Because society has an interest in seeing same-sex couples settle down and look after one another, and because gay couples' friends and family care about their well-being, committed gay couples are winning increasing social support. One way or another, legal support will follow. Banning gay marriage guarantees that the country will busy itself creating gay-inclusive alternatives to marriage (which will be tempting to heterosexuals) and bestowing legal rights and social recognition on cohabitation (which is open to heterosexuals by definition). The result will be to diminish marriage's special status among a plethora of "lifestyle alternatives"—the last thing marriage needs.

Moreover, the gay exclusion risks marginalizing marriage by tainting it as discriminatory. A March Los Angeles Times poll finds that more than 80 percent of young people (ages 18 to 29) favor anti-discrimination protections for gay people. More than 70 percent believe gays should receive the same kinds of civil-rights protections that are afforded to racial minorities and women. More than half favor gay adoption, three-fourths believe that "a gay person can be a good role model for a child," and more than 70 percent can "accept two men or two women living together like a married couple." Seventy percent describe themselves as sympathetic to the gay community (versus 43 percent of people 65 and older). And three-fourths support gay marriage or civil unions—with the plurality favoring marriage.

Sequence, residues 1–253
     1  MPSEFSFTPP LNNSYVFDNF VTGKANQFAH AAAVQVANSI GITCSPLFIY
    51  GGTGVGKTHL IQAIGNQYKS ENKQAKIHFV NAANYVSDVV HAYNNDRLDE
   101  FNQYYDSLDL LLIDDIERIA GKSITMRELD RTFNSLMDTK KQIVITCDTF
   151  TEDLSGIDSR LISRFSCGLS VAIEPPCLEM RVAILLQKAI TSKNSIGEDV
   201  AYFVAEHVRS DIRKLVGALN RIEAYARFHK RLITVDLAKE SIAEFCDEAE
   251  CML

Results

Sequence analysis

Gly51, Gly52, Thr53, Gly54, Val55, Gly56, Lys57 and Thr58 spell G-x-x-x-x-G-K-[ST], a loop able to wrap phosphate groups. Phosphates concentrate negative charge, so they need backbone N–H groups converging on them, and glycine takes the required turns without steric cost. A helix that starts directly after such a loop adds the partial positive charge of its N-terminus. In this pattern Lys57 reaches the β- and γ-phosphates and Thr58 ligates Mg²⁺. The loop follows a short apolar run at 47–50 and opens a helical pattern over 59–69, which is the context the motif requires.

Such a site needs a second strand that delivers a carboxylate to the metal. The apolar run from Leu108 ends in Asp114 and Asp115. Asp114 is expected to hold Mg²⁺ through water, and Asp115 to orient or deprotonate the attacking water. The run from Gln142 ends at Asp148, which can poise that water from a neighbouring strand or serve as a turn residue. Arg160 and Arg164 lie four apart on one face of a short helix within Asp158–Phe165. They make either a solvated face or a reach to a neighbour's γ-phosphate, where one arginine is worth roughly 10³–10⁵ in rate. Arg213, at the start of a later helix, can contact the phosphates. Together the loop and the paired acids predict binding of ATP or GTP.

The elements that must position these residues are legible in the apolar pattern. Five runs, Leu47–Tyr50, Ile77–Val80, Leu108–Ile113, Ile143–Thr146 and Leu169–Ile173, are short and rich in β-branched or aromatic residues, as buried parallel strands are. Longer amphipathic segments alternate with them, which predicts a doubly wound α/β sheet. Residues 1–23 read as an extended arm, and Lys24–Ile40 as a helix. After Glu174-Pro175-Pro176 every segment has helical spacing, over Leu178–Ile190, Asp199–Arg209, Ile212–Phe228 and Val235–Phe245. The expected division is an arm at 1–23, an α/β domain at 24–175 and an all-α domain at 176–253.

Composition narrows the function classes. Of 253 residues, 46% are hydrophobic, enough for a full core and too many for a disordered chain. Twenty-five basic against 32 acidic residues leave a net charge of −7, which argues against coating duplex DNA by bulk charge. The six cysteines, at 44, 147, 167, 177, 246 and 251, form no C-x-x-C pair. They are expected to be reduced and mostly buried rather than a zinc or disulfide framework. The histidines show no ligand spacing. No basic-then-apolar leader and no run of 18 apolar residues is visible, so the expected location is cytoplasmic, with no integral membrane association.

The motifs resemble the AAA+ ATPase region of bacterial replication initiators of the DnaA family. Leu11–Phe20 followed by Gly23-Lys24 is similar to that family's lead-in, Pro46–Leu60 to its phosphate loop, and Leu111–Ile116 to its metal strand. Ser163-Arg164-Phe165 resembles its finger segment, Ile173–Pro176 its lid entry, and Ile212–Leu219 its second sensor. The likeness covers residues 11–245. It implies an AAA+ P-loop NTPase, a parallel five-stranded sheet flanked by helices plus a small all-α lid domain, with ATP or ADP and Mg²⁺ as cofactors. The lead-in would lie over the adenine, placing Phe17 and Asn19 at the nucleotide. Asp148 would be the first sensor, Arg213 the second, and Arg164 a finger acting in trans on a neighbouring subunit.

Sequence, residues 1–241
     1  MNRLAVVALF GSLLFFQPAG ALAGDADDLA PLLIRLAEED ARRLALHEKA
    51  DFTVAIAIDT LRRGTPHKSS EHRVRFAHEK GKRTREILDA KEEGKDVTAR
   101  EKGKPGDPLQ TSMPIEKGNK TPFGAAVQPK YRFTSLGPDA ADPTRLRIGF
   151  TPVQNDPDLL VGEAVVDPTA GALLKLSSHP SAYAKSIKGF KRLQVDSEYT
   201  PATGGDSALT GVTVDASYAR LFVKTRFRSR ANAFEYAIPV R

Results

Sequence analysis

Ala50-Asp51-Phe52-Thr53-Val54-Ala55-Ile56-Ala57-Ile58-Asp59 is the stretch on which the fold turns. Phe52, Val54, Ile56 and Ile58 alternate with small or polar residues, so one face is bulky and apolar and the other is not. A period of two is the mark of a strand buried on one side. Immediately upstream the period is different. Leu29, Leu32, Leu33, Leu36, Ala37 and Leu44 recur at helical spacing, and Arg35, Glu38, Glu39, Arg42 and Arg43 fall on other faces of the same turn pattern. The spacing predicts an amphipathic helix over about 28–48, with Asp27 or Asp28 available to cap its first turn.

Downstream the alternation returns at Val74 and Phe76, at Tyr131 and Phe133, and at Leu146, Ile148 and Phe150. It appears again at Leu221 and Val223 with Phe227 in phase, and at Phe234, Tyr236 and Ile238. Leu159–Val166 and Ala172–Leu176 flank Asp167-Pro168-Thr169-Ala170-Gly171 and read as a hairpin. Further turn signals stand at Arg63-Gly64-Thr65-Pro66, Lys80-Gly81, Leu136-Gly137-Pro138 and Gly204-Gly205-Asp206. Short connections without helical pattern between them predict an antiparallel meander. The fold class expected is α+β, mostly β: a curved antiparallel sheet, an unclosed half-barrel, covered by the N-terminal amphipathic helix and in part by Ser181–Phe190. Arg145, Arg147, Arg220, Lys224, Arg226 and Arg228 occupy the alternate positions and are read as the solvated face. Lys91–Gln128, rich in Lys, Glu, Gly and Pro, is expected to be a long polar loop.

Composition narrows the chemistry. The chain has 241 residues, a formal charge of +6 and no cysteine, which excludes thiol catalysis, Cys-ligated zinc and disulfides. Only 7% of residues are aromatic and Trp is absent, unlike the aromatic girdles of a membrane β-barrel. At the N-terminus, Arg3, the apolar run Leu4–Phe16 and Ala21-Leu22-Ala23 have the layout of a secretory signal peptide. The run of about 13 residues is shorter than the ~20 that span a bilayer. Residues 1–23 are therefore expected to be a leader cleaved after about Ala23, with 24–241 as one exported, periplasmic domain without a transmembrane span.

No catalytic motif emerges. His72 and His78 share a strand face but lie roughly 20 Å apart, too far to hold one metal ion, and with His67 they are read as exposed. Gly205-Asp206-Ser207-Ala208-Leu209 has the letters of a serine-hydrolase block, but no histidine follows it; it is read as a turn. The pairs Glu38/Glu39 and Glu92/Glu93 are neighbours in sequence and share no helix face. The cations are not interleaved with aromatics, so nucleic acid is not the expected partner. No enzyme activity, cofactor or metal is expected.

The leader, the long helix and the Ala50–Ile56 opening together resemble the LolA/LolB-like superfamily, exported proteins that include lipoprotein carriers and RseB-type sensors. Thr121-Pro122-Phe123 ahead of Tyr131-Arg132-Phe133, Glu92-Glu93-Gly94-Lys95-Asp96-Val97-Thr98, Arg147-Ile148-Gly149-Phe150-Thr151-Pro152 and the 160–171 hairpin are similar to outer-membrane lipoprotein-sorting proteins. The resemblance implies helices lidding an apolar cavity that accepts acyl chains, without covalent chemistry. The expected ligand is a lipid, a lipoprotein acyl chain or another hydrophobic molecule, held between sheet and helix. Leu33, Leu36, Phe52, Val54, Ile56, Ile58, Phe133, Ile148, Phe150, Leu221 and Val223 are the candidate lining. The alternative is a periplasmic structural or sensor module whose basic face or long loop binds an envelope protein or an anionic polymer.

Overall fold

In other words, America's young are much more hostile to discrimination than to gays or gay marriage. They will increasingly view straights-only marriage the way their parents have come to view men-only clubs: as marginal, anachronistic, even ridiculous. This is not conjecture; it is already beginning. San Francisco regarded its decision to marry gay couples as a protest against discrimination, and Benton County, Ore., recently stopped issuing marriage licenses altogether, on the grounds that it wanted no part of a discriminatory institution.